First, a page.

I went for a 2nd opinion, I mean, that’s what you do for cancer, right? And the 2nd Doctor scared the heck out of me – but using my own business sense I asked some very pointed questions. In the end, his recommendation exactly matched that of the first surgeons.

My mind was not focused on eating though; it was focused on what would happen next.

And so, the unpredictable PLGA kidney bean, turned out to be exactly that: unpredictable. After a 5-hour surgery, it was found that cancer cells were traveling along a nerve via peri-neural invasion, leaving cancer cells roaming around. To fix this, a further, deeper surgery would be needed to remove the entire section very close to my gums and possibly some teeth.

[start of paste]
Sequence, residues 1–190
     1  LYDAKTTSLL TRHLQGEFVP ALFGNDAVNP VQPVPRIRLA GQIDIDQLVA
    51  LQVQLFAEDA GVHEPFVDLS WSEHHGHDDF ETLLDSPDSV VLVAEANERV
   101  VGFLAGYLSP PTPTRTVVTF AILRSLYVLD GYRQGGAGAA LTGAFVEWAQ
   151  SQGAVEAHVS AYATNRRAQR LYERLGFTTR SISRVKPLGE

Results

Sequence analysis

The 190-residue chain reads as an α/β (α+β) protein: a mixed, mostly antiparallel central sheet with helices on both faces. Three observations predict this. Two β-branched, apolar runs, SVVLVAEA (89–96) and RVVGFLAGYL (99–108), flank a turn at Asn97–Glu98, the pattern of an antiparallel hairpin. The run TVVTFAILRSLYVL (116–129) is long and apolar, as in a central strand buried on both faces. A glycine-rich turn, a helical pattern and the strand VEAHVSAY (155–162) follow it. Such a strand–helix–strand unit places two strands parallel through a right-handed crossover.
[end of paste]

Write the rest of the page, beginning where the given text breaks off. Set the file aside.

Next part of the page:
This was quite a shock to absorb and process. After the first surgery, I had been able to speak fairly well and was eating a soft diet, which, happily during the summer months, included ice cream and sherbet. My mind was not focused on eating though; it was focused on what would happen next.

A week later all the pathology was completed, and my doctors were ready to tell me their plan. I invited a trusted friend along to hear what I thought was quite incredible. The area involved, from the center of my mouth to the gumline, would be excised. How large an area is this you ask? I was not brave enough to ask, and I still have never really quantified it. Maybe a square inch? I don’t know. But here’s the crazy part: once the pathology came back clear, a flap would be made using tissue from my arm or leg. This would not be a graft, but a transplant. Somehow this “Flap” would be connected to an artery in my neck using microvascular surgery. Wow!